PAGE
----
Posted in Fiction, Fiction, Intermediate, Middle Grade, Realistic Fiction

Welcome to Planet Omar!

Planet Omar: Accidental Trouble Magnet, by Zanib Mian/Illustrated by Nasaya Mafaridik, (Feb. 2020, G.P. Putnam), $13.99, ISBN: 9780593109212

Ages 7-10

Meet Omar! He’s a young Muslim boy living in the UK, and has just moved to a new neighborhood and school so his mom could accept her dream job. He’s got an imaginary dragon for a friend and pet, he’s creative and imaginative, and… he finds himself the target of the school bully. Originally published in abroad in 2018 as The Muslims, Planet Omar: Accidental Trouble Magnet is hilarious, sweet, and brilliantly tackles Islamophobia, all from a kid’s point of view.

Written from Omar’s point of view and illustrated a la Wimpy Kid, Accidental Trouble Magnet introduces us to Omar’s family: his parents, his siblings, the bully who becomes enraged at the idea of Muslims, and the sweet little old lady next door who constantly talks to someone one the phone about what “The Muslims” are doing. Omar’s parents handle the next door neighbor with grace and aplomb, always extending the hand of friendship. Omar is informative about Muslim traditions – we learn about Eid and Ramadan; his excitement about attempting to take part in the fast (so he can be up in the middle of the night to eat), and about the hijab his mother wears (no, she doesn’t shower with it). Zanib Mian convincingly writes with Omar’s voice and introduces us to a friendly kid who wants to let you know about him – and wants to let you know that he can’t wait for his holiday gifts; he loves sweets, and he loves his culture and wants to share it with you, too. Planet Omar: Accidental Trouble Magnet is an upbeat, fun intermediate story that serves as a wonderful introduction to Muslim culture. It encourages empathy, compassion, and understanding. It promotes patience with others who make rash judgements, and encourages all of us to be the best versions of ourselves that we can be.

Have readers who love Saadia Faruqi’s Yasmin books and are ready to take on a longer chapter book? Introduce them to Omar! I’d love to see this on Summer Reading Lists this year, nudge nudge.

Accidental Trouble Magnet received the 2018 Little Rebels Award, was nominated for the 2019 Carnegie Medal, and longlisted for the 2019 UKLA Award. See more about the book on Muslim Children’s Books UK.

 

 

Posted in picture books, Preschool Reads

This Grandparents Day, let your kids read the stories to their grands

Grandpa Cacao: A Tale of Chocolate, from Farm to Family, by Elizabeth Zunon,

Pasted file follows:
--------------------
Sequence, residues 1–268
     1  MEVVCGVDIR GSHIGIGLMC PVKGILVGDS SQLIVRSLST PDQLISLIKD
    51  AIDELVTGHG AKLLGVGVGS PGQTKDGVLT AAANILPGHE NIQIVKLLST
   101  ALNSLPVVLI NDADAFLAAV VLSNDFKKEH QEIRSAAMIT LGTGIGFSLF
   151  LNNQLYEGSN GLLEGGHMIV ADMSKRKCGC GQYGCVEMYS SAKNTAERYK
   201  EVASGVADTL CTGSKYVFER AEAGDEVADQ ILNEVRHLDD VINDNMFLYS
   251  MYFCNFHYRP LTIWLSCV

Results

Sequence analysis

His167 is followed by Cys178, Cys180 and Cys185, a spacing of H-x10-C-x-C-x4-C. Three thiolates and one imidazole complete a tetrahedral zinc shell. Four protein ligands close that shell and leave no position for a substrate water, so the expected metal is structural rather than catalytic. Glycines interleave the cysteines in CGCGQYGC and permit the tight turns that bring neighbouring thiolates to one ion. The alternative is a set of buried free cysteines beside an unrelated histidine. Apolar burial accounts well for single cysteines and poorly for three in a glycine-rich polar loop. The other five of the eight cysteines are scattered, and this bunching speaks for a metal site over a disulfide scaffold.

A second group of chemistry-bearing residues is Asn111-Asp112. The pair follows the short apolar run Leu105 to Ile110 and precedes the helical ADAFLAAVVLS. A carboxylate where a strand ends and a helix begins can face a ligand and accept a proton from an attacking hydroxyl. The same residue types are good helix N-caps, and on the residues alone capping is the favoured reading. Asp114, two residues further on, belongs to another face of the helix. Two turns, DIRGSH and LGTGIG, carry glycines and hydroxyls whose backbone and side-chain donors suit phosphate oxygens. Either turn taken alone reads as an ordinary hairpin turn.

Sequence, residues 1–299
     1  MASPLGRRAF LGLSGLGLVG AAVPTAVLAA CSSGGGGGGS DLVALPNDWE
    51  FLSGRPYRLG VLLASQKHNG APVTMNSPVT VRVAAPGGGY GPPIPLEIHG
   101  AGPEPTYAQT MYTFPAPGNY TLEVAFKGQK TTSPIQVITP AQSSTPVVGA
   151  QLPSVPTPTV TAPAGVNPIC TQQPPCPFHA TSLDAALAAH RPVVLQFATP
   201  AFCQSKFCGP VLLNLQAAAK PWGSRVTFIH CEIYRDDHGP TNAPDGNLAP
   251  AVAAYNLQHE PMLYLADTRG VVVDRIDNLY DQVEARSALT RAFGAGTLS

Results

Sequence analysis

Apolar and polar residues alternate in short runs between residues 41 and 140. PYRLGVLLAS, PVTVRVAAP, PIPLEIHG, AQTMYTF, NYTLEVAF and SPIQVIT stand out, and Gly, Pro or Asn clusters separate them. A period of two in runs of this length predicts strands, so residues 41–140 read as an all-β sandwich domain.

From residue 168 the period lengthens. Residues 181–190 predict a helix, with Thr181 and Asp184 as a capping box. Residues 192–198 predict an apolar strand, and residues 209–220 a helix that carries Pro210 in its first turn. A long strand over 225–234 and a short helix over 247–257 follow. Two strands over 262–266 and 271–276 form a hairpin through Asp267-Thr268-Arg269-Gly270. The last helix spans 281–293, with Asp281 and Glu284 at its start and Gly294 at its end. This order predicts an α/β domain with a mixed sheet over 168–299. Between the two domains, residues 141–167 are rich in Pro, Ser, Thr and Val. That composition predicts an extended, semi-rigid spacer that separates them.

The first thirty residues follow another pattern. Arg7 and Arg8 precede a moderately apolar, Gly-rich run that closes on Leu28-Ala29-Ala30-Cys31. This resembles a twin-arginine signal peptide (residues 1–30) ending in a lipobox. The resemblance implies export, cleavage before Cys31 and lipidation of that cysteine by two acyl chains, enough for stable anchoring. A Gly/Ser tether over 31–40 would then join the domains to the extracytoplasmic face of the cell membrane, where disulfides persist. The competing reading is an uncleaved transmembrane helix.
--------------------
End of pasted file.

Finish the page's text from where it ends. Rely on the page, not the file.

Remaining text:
(May 2019, Bloomsbury USA), $17.99, ISBN:  978-1-68119-640-4
Ages 5-9

A girl and her father bake a cake and reminisce about “Grandpa Cacao” – her father’s father – and his life working on a cacao farm on the African Ivory Coast. Lush images come to life through Elizabeth Zunon’s oil paint, collage and screenprint artwork; there’s gorgeous texture and movement across the landscape, and Grandpa Cacao appears as a pale image, illustrating his existence as a “mythical figure” in the girl’s imagination. Inspired by the author’s own “Grandpa Cacao”, this is a heartwarming link across generations and celebrating the joy of creating together and uniting families. Back matter includes author’s notes and maps on the realities of the cacao trade, the sobering perseverance of child labor, and fair trade. There are notes on the science and history of chocolate, and a cake recipe to try with the kids.

Grandparents Day Idea: Talk to kids about their grandparents’ stories. Where are their grandparents from? Do they have memories of growing up to share? Does the family have any special recipes that have been handed down through generations?

 

Looking for Yesterday, by Alison Jay, (Aug. 2019, Candlewick Press),
$16.99, ISBN: 9781536204216
Ages 4-7

A young boy tries to use science to figure out how to travel back in time, so he can relive the great day he had the day before. When he asks his grandfather for advice, he learns that memories are great, but it’s exciting to look forward to the possibilities of adventure in the here and now. Alison Jay gives her character a wonderfully childlike reasoning process – yesterday was so great, let’s try to get back there and live it again! – and has him go through the motions of working on the science to make it happen; her crackled oil artwork giving a vintage-looking life to the story. As the boy calculates going faster than light speed, we see his mind at work: he’s flying around the world, wearing a cape; using a time machine that looks like a giant unicycle; configuring a garbage can into a rocket. The boy’s grandfather walks him through a photo album as he recounts the past, drawing the boy into his adventures as the two fly on a scrapbook to see mountain tops, whales, and hot air balloons. The grandfather-grandson relationship is warm and loving, communicated with warm colors and body language. A great book to encourage kids to seize the day.

Grandparents Day Idea: Get out the photo albums and show kids your adventures! Show them your childhoods, talk to them about playing with your friends; going to school; exciting and ordinary things you did as a child. See how things are different, and how things are the same.

 

My Grandma and Me, by Mina Javaherbin, (Aug. 2019, Candlewick Press),
$16.99, ISBN: 9780763694944
Ages 4-8